Andrew is a college student on summer break without motivation to do much of anything, except playing the online virtual reality game Crucible. It's an MMORPG* that utilizes the best physics probability generator, which has made it one of the top online community games. As Druin, a mid-level thief, Andrew is able to escape his parents' nagging him to get a job, pick a major, or help his sister with homework. But his alter-ego's life is about to get more complicated when an upper-level rival forces him into a quest. And that is just what Andrew needs. . . more worries.
Wolfgang Wallace was a child prodigy in computer programming that grew up to be in charge of Crucible's design at Archimago, its parent company. As he and the rest of the staff prepare for a major update, Archimago gets new management. Dealing with shifting politics is one thing, but after the update rolls out Crucible is hacked. Wallace has to end it before if negatively affects the players or gets the company in trouble with the FCC, FBI, or the Better Business Bureau and shuts them down.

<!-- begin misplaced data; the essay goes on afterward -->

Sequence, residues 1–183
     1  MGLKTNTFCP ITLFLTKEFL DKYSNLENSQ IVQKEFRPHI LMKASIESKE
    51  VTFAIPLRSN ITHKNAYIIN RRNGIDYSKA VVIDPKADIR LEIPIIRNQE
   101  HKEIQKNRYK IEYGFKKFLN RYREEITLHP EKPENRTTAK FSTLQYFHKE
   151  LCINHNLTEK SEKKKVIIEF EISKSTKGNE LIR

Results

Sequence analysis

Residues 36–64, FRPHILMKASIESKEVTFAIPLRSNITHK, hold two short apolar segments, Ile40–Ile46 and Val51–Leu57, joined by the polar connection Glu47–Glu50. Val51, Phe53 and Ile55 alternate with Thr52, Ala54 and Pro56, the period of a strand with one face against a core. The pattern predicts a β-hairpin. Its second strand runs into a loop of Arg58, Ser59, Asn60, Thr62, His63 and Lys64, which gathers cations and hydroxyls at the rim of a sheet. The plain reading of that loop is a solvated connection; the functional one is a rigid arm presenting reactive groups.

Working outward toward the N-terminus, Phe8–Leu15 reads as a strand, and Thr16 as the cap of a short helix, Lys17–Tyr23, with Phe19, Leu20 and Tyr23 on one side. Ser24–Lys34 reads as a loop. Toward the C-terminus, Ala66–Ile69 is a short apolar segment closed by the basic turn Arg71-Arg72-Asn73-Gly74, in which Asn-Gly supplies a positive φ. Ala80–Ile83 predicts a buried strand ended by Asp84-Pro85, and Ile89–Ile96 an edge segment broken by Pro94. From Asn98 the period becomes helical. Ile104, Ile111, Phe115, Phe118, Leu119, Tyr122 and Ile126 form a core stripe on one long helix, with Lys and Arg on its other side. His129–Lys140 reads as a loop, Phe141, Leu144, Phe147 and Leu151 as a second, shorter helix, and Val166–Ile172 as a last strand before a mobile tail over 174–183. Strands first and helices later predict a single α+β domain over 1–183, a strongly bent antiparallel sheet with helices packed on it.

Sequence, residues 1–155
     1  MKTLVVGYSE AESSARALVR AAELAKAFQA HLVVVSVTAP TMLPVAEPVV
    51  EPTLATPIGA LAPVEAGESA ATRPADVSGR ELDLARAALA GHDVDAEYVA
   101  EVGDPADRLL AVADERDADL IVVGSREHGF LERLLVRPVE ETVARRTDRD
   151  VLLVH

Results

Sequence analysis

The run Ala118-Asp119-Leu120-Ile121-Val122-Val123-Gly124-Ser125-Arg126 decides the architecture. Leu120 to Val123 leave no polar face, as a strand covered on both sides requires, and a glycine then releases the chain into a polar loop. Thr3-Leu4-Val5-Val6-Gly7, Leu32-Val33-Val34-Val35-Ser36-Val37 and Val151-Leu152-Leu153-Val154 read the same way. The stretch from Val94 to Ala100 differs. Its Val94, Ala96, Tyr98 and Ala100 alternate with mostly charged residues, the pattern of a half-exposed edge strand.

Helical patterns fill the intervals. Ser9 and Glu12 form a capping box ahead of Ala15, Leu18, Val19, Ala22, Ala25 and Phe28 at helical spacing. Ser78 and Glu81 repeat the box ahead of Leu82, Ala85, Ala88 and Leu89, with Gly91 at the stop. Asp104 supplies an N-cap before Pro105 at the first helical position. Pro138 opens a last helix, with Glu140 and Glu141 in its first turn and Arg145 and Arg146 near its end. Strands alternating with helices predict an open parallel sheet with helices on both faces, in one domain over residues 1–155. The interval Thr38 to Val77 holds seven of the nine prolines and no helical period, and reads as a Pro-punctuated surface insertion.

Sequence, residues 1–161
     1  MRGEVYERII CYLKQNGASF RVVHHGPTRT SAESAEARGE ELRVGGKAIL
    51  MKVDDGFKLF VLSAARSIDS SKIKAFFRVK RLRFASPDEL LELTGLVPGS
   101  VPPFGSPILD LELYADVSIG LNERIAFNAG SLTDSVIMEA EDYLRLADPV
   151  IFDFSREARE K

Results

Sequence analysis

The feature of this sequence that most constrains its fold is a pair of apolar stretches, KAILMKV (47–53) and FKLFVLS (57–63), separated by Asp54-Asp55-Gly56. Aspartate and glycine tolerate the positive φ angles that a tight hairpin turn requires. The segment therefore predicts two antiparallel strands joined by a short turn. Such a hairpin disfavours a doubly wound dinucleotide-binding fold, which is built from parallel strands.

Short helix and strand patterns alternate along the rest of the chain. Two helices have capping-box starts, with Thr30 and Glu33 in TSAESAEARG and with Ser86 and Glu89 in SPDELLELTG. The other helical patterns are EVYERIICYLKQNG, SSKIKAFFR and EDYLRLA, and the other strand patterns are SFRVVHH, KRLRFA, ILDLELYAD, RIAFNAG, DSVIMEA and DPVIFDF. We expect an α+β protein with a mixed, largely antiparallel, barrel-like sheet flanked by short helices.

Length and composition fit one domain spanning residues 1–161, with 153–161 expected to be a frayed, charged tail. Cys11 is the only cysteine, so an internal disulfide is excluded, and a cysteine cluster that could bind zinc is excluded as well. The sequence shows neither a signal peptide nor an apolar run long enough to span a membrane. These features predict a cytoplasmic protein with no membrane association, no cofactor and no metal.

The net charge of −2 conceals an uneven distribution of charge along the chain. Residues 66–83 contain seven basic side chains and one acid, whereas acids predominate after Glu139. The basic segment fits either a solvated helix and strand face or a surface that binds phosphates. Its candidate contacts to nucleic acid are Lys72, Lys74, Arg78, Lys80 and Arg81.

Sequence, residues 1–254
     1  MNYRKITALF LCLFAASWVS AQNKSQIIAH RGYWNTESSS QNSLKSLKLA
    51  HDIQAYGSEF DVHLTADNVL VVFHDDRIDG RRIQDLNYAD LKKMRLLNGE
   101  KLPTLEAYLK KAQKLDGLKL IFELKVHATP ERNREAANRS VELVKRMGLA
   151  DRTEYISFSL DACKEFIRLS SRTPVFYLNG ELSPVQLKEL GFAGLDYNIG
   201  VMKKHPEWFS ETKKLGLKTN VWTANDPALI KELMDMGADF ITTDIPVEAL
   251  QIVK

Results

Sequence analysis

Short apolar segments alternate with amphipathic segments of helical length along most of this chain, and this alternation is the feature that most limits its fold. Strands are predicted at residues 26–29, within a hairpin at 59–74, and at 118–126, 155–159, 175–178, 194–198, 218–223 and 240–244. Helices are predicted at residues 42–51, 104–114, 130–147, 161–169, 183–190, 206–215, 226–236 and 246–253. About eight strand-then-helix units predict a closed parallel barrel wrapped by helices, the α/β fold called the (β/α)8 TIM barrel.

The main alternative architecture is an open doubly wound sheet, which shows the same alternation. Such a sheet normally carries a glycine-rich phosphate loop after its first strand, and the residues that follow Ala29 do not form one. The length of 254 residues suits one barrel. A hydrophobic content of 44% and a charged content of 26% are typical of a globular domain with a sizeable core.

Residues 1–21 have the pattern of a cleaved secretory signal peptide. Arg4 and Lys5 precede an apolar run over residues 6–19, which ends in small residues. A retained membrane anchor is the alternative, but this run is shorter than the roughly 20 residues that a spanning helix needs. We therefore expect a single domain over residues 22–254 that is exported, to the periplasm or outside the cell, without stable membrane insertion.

Potter deftly weaves together the three plot lines that consider the creator, the player, and the business owner. And with it, we see a myriad of issues played out. The obvious sci-fi themes of technological advancement, psychology, and morality are explored, and while there is nothing groundbreaking here, it is very interesting to see them played out and compared between the characters and applied to the gaming industry. Also, how their actions in the real world affect them in the game, resulting in another affect in the real world at the opposite end. Other themes include law, ethical business practices, and family. One of my favorite parts ties in with the ethics bit, but I don't want to give that away ;)
The characters are well developed and feel real. Potter perfectly hits many varying reasons why people game through the main AND the minor characters. It's wonderful to see a bit of background on side characters in Crucible. You see the way they act and he gives the real world reason why they're that way in the game.
Currently, this book is only available in digital. It's not my favorite way of reading, but I felt it enhanced this one a bit with much of the story being held in the digital world.
Overall, Massively Multiplayer is an enjoyable and captivating look at the gaming industry. I would definitely recommend this to anyone that enjoys gaming. But don't worry if you're not a gamer, it's got a much wider appeal. The techno-babble is kept pretty basic, as are acronyms. My recommendation extends to those who like science fiction, action/adventure, fantasy, and/or anyone that likes reading about the effects of business acquisitions.